Global Shock, Risks, and Asian Financial Reform
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Global Shock, Risks, and Asian Financial Reform

Edited by Iwan J. Azis and Hyun S. Shin

The growth of financial markets has clearly outpaced the development of financial market regulations. With growing complexity in the world of finance and the resultant higher frequency of financial crises, all eyes have shifted toward the current inadequacy of financial regulation. This book expertly examines what this episode means for Asia’s financial sector and its stability, and what the implications will be for the region’s financial regulation. By focusing on legal and institutional frameworks the book also elaborates on various issues and challenges in terms of how financial liberalization can maximize the benefits and minimize the risks of crisis.
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Chapter 9: Equity home bias, financial integration, and regulatory reforms: implications for emerging Asia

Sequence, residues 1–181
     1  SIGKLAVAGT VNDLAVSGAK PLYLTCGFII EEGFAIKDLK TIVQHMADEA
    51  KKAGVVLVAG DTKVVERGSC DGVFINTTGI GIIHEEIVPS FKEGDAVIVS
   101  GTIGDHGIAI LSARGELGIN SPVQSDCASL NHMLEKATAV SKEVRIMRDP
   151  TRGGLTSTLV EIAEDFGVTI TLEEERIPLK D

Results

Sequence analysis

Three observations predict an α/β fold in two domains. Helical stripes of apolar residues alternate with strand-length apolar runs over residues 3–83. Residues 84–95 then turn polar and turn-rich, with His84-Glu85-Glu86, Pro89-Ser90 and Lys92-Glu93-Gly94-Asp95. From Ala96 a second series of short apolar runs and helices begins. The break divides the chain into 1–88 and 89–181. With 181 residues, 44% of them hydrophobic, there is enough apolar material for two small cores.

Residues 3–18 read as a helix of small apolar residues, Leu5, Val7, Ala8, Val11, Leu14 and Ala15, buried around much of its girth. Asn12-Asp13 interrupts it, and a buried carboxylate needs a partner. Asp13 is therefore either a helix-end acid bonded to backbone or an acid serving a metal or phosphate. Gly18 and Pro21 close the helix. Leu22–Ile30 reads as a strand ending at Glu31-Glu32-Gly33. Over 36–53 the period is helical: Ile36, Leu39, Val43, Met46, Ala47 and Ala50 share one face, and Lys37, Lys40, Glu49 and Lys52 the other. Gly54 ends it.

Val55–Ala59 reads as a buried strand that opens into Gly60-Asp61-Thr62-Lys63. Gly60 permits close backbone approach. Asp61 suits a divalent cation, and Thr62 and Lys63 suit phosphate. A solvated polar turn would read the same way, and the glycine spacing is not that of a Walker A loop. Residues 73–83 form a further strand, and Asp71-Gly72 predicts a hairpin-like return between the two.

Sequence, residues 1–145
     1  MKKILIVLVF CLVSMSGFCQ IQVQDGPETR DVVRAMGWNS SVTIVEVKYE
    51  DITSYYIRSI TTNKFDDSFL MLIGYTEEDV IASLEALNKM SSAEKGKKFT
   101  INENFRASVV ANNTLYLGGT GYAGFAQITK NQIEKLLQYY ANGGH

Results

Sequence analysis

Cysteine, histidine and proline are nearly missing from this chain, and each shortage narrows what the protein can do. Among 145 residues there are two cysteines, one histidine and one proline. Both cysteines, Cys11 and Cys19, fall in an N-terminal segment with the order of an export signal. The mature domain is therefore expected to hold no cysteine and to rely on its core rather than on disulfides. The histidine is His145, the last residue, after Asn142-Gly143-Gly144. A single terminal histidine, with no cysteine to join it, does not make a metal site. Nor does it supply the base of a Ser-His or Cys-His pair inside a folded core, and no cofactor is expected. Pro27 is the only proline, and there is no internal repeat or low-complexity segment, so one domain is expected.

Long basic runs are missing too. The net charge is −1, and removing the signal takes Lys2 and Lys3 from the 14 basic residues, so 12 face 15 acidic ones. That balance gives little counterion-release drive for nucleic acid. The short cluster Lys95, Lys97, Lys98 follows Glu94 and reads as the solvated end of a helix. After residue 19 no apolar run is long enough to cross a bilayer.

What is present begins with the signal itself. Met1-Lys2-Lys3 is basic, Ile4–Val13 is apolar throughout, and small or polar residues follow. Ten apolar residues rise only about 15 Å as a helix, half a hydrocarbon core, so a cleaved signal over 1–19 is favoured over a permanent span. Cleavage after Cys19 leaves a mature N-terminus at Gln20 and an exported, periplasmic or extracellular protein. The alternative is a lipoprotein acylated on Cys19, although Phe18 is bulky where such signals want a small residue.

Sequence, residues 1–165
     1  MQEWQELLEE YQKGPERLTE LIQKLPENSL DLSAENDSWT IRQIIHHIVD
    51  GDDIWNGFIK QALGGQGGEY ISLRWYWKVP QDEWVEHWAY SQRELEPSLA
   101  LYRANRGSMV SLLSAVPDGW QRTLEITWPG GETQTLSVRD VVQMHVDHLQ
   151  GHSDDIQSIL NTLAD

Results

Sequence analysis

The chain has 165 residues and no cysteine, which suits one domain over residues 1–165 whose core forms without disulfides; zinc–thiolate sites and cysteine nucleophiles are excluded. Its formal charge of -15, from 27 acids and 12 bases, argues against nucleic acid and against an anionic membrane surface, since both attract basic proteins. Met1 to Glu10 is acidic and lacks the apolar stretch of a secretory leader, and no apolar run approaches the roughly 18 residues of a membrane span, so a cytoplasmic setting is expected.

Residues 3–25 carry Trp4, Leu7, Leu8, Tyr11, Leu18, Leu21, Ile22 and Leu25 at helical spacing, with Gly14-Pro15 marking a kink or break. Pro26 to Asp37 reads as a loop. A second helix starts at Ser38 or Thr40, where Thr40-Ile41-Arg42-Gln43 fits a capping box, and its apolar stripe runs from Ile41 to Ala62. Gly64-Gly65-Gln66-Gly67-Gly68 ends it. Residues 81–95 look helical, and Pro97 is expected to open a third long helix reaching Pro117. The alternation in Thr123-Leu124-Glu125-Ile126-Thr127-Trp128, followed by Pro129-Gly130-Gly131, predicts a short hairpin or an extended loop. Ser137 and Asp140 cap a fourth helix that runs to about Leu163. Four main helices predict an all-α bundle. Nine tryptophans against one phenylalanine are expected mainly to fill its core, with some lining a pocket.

Cyn-Young Park and Rogelio V. Mercado

Extract

Since French and Poterba (1991) noted the phenomenon that investors overweight domestic assets in their portfolios, equity home bias has been a topic of major interest for financial economists. Theoretically, gains from international portfolio diversification are substantial. In perfectly integrated international financial markets, where financial assets of similar risks are priced similarly regardless of where they are traded, investors are expected to hold international portfolios and exploit the gains of international portfolio diversification. With the trend of financial liberalization since the 1990s, there has been a considerable reduction in barriers to international portfolio investment. However, earlier studies suggested that equity home bias remains significant (see Lewis 1999; Karolyi and Stulz 2003 for literature review). A significant body of literature has focused on the role of financial openness in lowering equity home bias. In theory, financial openness and integration provide better opportunities for local investors to allocate their portfolios in international equities that yield the highest returns given the same risks. By allowing for portfolio adjustments towards equities that offer higher returns at lower risks, financial integration enables equity home bias to decline.

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